In almost all forced marriages and honour killings, there are imprints of women, including mothers whose love seems to burn off when they decide the opinions of their communities matter more than the rights of their fragile daughters. Samira, now in her 30s and a teacher, escaped from a marriage with an illiterate cousin. She told me: "My mum and aunties did it, they made me, they beat me, they locked me up, they made him take me on my wedding night, and he did, pushed himself in, again and again, till I fainted with the pain. The men didn't agree with any of it. I have no mother."

In her research, Elliott found men and women who will never recover from their experiences of violation by women they depended on. One was in the RAF; another, a woman in her 40s, said: "My mind knows it wasn't my fault – it was her filth, her dirt. But also mine. I feel utterly alone and evil to the core." We know that many of those who were subjected to sexual violence or oppressive practices become past masters (and mistresses) themselves. But that surely cannot absolve them entirely.

We feminists, with our neat critiques of male dominance, are pathologically unable to deal with the fact that females are, sometimes, more sadistic than men and can and do viciously hurt their own sex. Who dares within the sisterhood to revise the assumptions on which so much of that belief system rests? If we say that women must not be judged as harshly as men when they destroy those who are vulnerable, or that a woman must have the right to be as evil as a man, what kind of world is that? Perhaps I am coming round to the view that no, women shouldn't behave as badly as bad men, and when they do, they should be judged more harshly. Equality is essential, but morality is more fundamental; it has to be, surely.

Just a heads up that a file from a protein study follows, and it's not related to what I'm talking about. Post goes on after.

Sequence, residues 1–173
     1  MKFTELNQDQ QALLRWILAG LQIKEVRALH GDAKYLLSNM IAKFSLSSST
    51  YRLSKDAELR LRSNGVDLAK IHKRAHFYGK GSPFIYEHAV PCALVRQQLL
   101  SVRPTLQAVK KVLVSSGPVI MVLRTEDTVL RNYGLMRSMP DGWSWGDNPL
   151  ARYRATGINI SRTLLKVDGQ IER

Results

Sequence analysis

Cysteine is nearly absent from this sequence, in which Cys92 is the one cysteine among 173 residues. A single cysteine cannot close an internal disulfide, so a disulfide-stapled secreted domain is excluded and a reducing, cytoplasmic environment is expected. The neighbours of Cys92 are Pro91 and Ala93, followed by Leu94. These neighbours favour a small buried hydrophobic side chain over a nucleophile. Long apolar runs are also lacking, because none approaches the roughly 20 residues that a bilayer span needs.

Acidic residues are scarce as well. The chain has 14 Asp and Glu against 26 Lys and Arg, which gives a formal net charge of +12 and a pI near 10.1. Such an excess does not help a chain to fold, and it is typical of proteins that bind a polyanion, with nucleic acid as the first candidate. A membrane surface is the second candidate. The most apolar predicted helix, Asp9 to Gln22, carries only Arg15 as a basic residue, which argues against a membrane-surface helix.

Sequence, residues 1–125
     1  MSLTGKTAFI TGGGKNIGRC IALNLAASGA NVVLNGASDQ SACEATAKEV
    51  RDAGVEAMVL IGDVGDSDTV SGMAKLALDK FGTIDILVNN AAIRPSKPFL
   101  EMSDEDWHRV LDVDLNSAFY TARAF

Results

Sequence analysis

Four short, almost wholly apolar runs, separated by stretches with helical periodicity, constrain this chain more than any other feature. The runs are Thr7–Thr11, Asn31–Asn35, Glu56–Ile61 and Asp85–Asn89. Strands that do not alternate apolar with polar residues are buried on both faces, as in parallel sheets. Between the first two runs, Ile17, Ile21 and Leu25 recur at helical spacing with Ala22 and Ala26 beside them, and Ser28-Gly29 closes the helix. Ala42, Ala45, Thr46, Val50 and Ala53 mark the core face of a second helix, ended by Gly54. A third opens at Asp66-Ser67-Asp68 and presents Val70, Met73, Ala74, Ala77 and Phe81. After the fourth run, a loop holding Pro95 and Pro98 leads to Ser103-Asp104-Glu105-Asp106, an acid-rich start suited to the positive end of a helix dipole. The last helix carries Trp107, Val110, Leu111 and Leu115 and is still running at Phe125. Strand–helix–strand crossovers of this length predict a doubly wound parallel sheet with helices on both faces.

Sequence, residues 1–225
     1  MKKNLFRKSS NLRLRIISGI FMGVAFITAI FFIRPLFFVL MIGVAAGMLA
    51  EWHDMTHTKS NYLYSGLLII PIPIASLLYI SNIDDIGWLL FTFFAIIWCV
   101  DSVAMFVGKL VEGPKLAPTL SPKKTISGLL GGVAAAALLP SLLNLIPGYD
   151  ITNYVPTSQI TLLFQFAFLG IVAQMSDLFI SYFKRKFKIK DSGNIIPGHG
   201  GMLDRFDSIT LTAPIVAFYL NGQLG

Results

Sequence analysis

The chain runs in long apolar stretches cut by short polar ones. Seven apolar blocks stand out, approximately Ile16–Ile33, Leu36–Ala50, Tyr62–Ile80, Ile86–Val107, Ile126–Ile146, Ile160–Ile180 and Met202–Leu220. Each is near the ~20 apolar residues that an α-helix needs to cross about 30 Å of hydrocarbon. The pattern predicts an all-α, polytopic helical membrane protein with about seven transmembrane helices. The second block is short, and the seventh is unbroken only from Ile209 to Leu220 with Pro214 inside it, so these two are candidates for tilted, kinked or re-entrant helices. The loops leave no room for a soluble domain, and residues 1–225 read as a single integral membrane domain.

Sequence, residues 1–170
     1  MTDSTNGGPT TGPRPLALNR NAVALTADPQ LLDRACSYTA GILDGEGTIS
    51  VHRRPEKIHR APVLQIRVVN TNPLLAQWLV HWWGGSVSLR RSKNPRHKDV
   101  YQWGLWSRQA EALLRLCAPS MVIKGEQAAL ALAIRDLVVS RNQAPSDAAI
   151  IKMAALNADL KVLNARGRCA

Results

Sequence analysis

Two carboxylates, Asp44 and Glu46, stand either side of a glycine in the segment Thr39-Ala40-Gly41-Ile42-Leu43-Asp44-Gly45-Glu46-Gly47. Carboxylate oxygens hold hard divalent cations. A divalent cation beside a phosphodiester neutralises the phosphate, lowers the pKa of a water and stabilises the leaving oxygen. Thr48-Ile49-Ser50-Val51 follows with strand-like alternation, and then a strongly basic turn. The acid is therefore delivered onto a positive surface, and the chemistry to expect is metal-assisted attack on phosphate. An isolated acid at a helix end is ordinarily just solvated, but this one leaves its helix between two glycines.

React Now

Latest stories from i100
Have you tried new the Independent Digital Edition apps?
iJobs Job Widget
iJobs General

Merger and Acquisition Project Manager

£500 - £550 Per Day: Clearwater People Solutions Ltd: Our client are currently...

SEN Teaching Assistant

£50 - £55 per day: Randstad Education Cheshire: SEN TAWe are looking to recrui...

Technical Manager – Heat Pumps

£40000 Per Annum dependent on experience: The Green Recruitment Company: They ...

Test Job

TBC: Test Recruiter for iJobs: Job London (Greater)

Day In a Page

Read Next

A long way to go before we reach Dave Eggers's digital dystopia

Memphis Barker

August catch-up: dress to impress, words to use more often, and the end of the internet